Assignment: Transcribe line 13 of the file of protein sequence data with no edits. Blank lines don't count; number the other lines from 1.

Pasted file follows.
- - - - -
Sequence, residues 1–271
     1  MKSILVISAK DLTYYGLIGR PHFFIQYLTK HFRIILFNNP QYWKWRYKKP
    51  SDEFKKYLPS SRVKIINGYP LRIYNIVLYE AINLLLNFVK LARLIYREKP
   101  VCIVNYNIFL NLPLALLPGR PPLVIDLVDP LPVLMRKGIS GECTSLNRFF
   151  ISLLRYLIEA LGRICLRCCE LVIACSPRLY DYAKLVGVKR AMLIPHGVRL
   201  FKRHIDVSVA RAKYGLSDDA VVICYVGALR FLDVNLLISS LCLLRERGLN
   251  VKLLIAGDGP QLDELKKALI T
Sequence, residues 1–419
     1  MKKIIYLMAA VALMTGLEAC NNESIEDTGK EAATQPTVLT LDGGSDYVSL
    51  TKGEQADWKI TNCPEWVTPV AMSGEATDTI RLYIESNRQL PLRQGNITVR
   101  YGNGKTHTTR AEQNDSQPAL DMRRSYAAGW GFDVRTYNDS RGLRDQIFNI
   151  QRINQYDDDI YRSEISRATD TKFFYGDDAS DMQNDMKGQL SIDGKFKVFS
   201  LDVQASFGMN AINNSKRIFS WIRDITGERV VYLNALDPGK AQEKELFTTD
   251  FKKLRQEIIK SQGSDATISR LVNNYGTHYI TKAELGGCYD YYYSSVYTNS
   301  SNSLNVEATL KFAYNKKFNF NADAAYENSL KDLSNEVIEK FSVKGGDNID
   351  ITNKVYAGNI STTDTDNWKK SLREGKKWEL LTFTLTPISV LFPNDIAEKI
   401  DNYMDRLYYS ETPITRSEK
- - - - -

   201  LDVQASFGMN AINNSKRIFS WIRDITGERV VYLNALDPGK AQEKELFTTD